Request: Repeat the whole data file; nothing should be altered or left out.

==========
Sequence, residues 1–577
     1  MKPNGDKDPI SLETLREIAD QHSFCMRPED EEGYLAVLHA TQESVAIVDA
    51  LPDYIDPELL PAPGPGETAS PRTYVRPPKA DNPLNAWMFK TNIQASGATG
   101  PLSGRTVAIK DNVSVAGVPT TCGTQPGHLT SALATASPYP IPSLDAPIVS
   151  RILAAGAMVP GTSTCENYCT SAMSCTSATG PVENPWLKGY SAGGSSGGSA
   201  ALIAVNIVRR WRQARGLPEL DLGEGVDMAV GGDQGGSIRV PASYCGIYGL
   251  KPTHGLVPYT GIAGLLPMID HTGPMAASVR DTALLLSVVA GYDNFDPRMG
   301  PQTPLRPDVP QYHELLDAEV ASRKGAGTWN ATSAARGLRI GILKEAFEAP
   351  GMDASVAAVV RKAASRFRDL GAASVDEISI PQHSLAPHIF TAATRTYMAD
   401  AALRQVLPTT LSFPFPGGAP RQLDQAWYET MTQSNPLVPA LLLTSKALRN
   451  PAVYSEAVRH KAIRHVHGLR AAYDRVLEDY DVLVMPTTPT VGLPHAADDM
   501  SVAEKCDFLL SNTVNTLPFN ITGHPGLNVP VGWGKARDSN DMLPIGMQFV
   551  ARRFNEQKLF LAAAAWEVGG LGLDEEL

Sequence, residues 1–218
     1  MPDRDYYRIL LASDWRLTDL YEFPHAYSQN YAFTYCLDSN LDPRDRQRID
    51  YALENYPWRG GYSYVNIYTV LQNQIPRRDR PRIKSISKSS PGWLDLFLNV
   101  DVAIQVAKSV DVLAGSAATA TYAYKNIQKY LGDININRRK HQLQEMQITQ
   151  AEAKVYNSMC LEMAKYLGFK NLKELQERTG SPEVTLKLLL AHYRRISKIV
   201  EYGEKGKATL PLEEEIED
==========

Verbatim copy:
Sequence, residues 1–577
     1  MKPNGDKDPI SLETLREIAD QHSFCMRPED EEGYLAVLHA TQESVAIVDA
    51  LPDYIDPELL PAPGPGETAS PRTYVRPPKA DNPLNAWMFK TNIQASGATG
   101  PLSGRTVAIK DNVSVAGVPT TCGTQPGHLT SALATASPYP IPSLDAPIVS
   151  RILAAGAMVP GTSTCENYCT SAMSCTSATG PVENPWLKGY SAGGSSGGSA
   201  ALIAVNIVRR WRQARGLPEL DLGEGVDMAV GGDQGGSIRV PASYCGIYGL
   251  KPTHGLVPYT GIAGLLPMID HTGPMAASVR DTALLLSVVA GYDNFDPRMG
   301  PQTPLRPDVP QYHELLDAEV ASRKGAGTWN ATSAARGLRI GILKEAFEAP
   351  GMDASVAAVV RKAASRFRDL GAASVDEISI PQHSLAPHIF TAATRTYMAD
   401  AALRQVLPTT LSFPFPGGAP RQLDQAWYET MTQSNPLVPA LLLTSKALRN
   451  PAVYSEAVRH KAIRHVHGLR AAYDRVLEDY DVLVMPTTPT VGLPHAADDM
   501  SVAEKCDFLL SNTVNTLPFN ITGHPGLNVP VGWGKARDSN DMLPIGMQFV
   551  ARRFNEQKLF LAAAAWEVGG LGLDEEL

Sequence, residues 1–218
     1  MPDRDYYRIL LASDWRLTDL YEFPHAYSQN YAFTYCLDSN LDPRDRQRID
    51  YALENYPWRG GYSYVNIYTV LQNQIPRRDR PRIKSISKSS PGWLDLFLNV
   101  DVAIQVAKSV DVLAGSAATA TYAYKNIQKY LGDININRRK HQLQEMQITQ
   151  AEAKVYNSMC LEMAKYLGFK NLKELQERTG SPEVTLKLLL AHYRRISKIV
   201  EYGEKGKATL PLEEEIED